Avoiding Intrusive Advertising: Do Smart Marketing

Everyone hates intrusive adverts but we go ahead and create them anyway. There’s a new product every day pushed into social feeds and emails. Isn’t it obvious that advertisement is just the impulsive approach to marketing? We all turn to adverts when we need to sell.

Adverts come at odd hours or even times when you just want a clear head. On the other hand, there are similar pages that allow you to sit back and enjoy a quick laugh or some new mushy story about baby whales.

What are your most visited pages this week? Or let’s say this month? What’s that page marketing to you? It’s important to understand the ever-dynamic nature of advertising. Selling without selling seems quite ironic but it’s catching on quite fast among major corporate giants.

Pages, where you spend a lot of time reading, having fun or building new networks, have become a major part of your decision-making process and can quite easily influence your purchases.

Results Require Smart Marketing

The chances of buying from a brand that makes you laugh skyrockets for every extra time you spend engaging their content. If a brand has helped you by filling in some blanks or knowledge gaps, loyalty seems like an appropriate way to pay back.

It’s not out of place to say most people are emotional buyers. Emotions sell products and services. What better way to evoke emotions than through stories and content?

A client’s social page went from random Ads to providing Networking and Growth information to marketers. This strategy has helped to improve engagement significantly, and attract a wider network and even speaking invites. These are growing opportunities for the brand that would not have come from direct, in your face, advertising.

Instead of selling directly to the market, content marketing has helped this client build a less intrusive approach to marketing their brand.

Most People Hate Adverts

Content Marketing Institute says that 70% of people would rather learn about a company via an article than an ad. Even The New York Times admits that native advertisements can perform as well as the paper’s own news content.

Alexander Jutkowitz (Hill+Knowlton Strategies), mentions that the phenomenon of content marketing and brand publishing has unfolded rapidly because it responds to consumer preference. Brand publishing allows companies to react in real-time, provide increased transparency, and create a strong brand identity at a fraction of the price of traditional marketing tactics, and in less time.

Content marketing introduces the self-publishing wave of the 21st century into the marketing funnel. In the bid to build long-lasting strategies for grooming loyal audiences, brands are turning to publishers, in order to create valuable content.

The possibilities that come with leveraging and owning your own ideas are endless. This ability to position owned brands as an authority on particular industry needs has become a gold mine.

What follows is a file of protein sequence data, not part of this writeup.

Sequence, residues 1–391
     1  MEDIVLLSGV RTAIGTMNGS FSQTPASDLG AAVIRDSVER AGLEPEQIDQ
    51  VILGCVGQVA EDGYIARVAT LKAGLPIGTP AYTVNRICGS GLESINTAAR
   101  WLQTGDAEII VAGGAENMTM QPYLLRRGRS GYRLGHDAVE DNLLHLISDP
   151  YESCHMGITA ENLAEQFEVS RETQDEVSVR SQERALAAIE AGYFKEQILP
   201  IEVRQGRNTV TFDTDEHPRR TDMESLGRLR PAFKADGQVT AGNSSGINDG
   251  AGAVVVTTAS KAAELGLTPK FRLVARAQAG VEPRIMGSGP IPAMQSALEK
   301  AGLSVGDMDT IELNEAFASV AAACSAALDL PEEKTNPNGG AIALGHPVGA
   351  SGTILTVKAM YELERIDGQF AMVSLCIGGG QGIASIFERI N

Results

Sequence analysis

Build a Legacy Through Valuable Content

When this strategy is adequately implemented, it allows businesses to look inwards and see in clearer details the true value of information stored and transformed within their business processes. A company can easily emerge with its own Magazine, Bulletin and even publishing arm that disseminates the outcomes of their business development and growth.

Big brands are poaching top-talent journalists in droves and implementing the most successful aspects of the traditional media house, says Alexander Jutkowitz. Former journalist Hamish McKenzie is now a lead writer at Tesla, USA Today’s Michelle Kessler is now Editor-in-Chief at Qualcomm Spark, and Andreessen Horowitz lured Michael Copeland from Wired.

These businesses and corporate companies have seen the crucial role that writers play in capturing the brand’s audiences using editorial best practices. Brands want to synthesize information and big data with stories that are relevant to their end-users.

Marketing is no longer just about selling products and getting new leads. It has become a big part of producing, unearthing, and distributing information. This makes the corporation become not just economically important to society, but intellectually essential as well.

According to Alexander Jutkowitz, General Electric, and Red Bull are great examples of the legacy role content marketing and publishing plays for corporate entities.

These companies include with their marketing:

  1. Information and research.
  2. Publication.
  3. Media agency.
  4. Content Production.

These inclusions are quite different from the products or services they sell. They, however, deploy content marketing as a tool for capturing the imagination and attention of their audience.

Despite the fact that sponsored content might have the weakness of bias towards the brand, it allows readers the freedom to explore. It gives some sense of integrity and accountability. Emotions of trust and satisfaction would easily evoke a buying culture that is more than just circumstantial. Informed buyers are not necessarily disloyal buyers. In fact, giving the right information to buyers comes as an incentive for being ahead of the competition in providing customer satisfaction even before a sale has been made. It is less intrusive and speaks directly to the customer’s needs.

If you’d like to learn more about digital content marketing for your business, startup or a small venture, join my webinar this month. Click here.

Maybe you are still struggling with writing great articles or adverts, you can get some of my books and start learning about your writing abilities.

Don’t forget to share this post with your friends. Sharing is caring. All the best!

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